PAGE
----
What will become of Almere? How will it develop as the age structure becomes more balanced over time and the city matures? Will Almere develop a darker side? An underground? Will a sort of Dutch variant on the surfing culture of Los Angeles evolve? Who will be Almere’s Ed Ruscha and Chris Burden? And who Almere’s Beatles and Bay City Rollers? In my view, there is no doubt that very soon we shall see the first inklings of a new European urban culture in Almere. It is not a case of bringing culture to Almere in the shape of monumental theatres and museums in the city centre. Rather we must observe what is evolving here and make of it an Almerian variant of Hollywood. It is surely no accident that many who work in broadcasting live in Almere. Television series are being used to market the image of Rotterdam and Amsterdam. The film Blue Movie put Bijlmermeer on the map. Almere lends itself even more admirably to such treatment. It could as a result burgeon into a model for a new urban culture.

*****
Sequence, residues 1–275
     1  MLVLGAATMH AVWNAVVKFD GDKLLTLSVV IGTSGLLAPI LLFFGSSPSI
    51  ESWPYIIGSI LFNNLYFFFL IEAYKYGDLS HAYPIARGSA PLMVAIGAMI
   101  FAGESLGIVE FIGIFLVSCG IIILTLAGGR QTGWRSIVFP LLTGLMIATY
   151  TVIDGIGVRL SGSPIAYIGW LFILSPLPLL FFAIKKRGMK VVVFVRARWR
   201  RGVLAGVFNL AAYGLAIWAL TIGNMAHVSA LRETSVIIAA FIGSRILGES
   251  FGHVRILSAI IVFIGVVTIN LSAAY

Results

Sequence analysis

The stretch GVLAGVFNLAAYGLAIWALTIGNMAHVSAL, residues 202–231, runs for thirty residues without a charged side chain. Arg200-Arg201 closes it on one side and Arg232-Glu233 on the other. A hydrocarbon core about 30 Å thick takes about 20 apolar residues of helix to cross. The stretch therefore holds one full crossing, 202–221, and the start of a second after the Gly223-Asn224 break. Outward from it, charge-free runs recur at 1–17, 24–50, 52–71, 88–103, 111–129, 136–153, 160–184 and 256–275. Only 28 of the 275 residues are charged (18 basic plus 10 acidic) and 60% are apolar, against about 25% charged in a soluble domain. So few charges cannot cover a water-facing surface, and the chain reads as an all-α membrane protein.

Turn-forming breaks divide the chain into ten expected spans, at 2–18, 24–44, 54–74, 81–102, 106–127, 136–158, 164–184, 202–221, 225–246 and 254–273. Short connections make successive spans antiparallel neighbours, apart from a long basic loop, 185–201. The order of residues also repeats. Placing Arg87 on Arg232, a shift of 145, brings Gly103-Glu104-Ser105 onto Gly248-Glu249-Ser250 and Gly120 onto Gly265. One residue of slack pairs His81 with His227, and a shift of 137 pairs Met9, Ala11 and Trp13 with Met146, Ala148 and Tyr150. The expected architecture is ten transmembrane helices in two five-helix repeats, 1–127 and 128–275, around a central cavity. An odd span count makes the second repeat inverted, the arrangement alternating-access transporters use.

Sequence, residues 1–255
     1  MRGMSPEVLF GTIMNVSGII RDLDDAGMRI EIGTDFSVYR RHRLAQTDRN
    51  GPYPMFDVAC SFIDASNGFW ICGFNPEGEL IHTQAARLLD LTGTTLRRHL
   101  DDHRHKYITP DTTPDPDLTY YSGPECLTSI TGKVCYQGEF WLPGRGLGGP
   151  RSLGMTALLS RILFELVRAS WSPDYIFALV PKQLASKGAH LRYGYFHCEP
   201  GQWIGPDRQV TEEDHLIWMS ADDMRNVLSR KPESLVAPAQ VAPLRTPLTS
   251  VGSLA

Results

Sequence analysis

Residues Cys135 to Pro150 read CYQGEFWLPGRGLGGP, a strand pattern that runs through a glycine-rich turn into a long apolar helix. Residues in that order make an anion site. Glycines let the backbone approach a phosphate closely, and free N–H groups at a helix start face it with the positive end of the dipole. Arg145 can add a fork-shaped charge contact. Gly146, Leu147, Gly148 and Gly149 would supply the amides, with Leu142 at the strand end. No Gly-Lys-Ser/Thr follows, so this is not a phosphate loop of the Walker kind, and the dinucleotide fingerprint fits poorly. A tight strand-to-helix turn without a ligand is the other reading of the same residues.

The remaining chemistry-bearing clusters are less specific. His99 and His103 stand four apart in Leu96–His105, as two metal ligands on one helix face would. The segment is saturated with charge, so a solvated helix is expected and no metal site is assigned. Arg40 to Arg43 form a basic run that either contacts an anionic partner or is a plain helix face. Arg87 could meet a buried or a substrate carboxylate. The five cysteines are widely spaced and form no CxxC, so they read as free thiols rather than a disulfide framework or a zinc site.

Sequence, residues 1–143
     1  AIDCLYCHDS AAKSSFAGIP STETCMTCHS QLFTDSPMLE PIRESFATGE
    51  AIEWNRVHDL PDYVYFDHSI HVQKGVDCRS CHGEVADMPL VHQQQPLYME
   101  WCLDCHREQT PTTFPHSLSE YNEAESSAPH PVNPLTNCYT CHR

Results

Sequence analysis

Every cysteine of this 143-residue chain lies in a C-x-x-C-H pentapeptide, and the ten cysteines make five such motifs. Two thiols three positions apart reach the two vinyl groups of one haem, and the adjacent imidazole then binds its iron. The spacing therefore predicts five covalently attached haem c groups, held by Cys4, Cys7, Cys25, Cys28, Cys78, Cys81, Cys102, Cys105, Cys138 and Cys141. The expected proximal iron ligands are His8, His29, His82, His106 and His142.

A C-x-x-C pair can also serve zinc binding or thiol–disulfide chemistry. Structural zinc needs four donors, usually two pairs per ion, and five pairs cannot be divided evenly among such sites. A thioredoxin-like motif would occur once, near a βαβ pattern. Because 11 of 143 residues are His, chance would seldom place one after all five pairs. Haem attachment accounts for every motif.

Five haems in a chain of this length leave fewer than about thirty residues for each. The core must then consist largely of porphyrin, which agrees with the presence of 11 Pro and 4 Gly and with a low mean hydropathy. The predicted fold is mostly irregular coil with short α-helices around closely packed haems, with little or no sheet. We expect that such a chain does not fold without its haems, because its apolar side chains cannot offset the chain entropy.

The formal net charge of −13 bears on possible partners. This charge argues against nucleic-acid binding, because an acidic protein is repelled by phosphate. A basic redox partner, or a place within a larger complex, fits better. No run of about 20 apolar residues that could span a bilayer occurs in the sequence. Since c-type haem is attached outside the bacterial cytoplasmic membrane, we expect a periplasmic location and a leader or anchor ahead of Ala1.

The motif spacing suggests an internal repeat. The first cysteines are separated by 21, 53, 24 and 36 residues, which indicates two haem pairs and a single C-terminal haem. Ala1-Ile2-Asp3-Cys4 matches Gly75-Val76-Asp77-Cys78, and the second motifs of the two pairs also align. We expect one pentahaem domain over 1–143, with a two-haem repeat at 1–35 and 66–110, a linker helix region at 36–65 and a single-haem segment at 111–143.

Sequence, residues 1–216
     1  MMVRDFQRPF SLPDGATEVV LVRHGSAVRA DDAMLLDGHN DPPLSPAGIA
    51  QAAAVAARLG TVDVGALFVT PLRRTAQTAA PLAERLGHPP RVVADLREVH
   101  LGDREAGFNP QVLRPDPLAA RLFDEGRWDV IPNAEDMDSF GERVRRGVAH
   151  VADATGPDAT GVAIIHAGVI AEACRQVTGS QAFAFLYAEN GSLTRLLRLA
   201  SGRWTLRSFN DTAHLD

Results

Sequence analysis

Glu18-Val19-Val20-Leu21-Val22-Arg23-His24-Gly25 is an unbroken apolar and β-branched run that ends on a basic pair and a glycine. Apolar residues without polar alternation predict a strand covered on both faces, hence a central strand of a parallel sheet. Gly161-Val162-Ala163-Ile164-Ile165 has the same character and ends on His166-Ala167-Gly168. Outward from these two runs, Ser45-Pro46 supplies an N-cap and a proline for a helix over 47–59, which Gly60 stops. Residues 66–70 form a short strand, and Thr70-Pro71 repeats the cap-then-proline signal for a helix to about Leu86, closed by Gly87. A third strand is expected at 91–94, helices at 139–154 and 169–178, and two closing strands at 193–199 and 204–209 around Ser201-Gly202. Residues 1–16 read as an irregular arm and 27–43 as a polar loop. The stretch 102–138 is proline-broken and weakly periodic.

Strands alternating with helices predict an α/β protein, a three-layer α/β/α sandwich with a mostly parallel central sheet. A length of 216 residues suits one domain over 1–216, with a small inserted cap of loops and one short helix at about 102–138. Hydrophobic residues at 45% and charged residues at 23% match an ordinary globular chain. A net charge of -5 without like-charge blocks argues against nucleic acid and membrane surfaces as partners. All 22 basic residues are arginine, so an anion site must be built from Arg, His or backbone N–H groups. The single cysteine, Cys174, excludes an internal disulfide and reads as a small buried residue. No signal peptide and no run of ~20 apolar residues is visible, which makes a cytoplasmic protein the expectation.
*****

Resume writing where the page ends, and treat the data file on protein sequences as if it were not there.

Because, as the Red Hot Chili Peppers sing: ‘It’s understood that Hollywood sells Californication.’


Boomtown Almere. Form follows lifestyle / Boomtown Almere. Form follows lifestyle